North Korea is suspected of being behind nuclear and missile proliferation in Syria, Iran, Pakistan and several other countries in the Middle East.

   The United Arab Emirates in July seized a Bahamian-flagged ship carrying North Korean rocket-propelled grenades and other conventional weapons labeled as machine parts, the first seizure of its kind since the Security Council adopted Resolution 1874 in June after North Korea's nuclear test in May.

   The seizure comes as the United States has broken diplomatic ice with North Korea.

   Stephen Bosworth, special representative for North Korea policy, made his first visit to Pyongyang last week to persuade North Korea to come back to six-party talks on ending the North's denuclearization.

   Bosworth said that he failed to obtain the North's commitment to return to the six-party talks, but added the sides have "identified some common understandings" on the need to restart the six-party talks. The talks involving the two Koreas, the United States, China, Russia and Japan have been deadlocked since the U.N. sanctions.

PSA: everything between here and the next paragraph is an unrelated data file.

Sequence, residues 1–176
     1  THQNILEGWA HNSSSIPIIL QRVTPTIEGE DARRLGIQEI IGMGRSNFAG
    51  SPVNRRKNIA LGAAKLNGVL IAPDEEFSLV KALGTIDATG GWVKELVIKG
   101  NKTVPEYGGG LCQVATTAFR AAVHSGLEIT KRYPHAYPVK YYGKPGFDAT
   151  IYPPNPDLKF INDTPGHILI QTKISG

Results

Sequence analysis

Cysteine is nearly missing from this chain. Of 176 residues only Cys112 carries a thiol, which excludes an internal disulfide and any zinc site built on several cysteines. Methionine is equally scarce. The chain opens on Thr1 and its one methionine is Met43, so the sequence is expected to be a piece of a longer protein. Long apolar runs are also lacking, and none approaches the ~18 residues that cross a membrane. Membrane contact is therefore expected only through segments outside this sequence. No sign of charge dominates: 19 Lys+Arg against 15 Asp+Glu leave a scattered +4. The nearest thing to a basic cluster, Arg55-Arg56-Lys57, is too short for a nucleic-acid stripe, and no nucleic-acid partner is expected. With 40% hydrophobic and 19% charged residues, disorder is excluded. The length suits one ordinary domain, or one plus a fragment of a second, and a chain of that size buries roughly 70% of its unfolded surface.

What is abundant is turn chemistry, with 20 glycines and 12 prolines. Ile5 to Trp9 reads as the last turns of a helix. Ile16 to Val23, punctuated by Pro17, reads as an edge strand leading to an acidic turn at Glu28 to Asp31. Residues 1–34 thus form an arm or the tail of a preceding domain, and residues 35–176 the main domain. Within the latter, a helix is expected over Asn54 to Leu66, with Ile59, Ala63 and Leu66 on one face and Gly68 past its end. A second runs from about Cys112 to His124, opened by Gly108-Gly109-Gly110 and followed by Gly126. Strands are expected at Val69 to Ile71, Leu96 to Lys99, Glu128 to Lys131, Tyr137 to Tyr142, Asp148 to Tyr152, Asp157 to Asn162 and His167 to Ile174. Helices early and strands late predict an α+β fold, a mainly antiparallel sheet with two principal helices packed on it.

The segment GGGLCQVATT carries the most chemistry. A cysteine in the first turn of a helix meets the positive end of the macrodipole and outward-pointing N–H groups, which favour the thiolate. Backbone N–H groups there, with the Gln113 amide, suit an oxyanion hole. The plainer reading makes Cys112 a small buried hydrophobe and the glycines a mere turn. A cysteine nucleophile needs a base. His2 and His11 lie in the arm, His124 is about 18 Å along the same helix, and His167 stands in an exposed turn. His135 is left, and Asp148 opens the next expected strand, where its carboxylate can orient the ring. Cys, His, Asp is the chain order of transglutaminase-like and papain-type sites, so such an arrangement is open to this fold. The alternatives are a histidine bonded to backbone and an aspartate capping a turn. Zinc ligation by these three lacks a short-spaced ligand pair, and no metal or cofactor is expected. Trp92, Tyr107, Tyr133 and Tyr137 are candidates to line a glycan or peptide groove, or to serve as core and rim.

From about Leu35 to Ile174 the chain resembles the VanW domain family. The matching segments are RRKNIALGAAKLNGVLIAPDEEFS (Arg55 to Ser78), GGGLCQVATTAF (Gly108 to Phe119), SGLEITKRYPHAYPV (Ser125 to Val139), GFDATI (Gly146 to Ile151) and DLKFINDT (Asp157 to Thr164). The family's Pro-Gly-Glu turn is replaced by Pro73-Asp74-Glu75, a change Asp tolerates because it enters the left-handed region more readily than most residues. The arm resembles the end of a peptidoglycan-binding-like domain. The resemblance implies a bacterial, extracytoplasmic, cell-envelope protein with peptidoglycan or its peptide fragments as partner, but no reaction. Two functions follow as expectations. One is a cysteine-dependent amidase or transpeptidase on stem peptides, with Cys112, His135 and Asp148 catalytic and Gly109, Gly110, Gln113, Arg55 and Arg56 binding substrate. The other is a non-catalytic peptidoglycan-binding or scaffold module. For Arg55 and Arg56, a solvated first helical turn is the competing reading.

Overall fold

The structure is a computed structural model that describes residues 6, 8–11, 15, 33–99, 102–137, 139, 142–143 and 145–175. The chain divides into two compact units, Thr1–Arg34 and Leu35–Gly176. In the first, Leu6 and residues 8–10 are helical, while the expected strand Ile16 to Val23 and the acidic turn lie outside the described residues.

Asked on the possible impact on the North Korean weapons seizure on the international efforts to revive the six-party talks, a State Department official, asking anonymity, said, "We are going to robustly implement 1874. At the same time, we want North Korea to return to six-party talks to discuss this real priority of denuclearizing the Korean Peninsula."

   On the reports that the U.S. has agreed to have four-party talks, which also includes South Korea and China, to forge a peace treaty to replace the armistice that ended the 1950-53 Korean War, the anonymous official said, "We can look at a number of different ways of engaging with them on non-nuclear issues within the context of the six-party talks."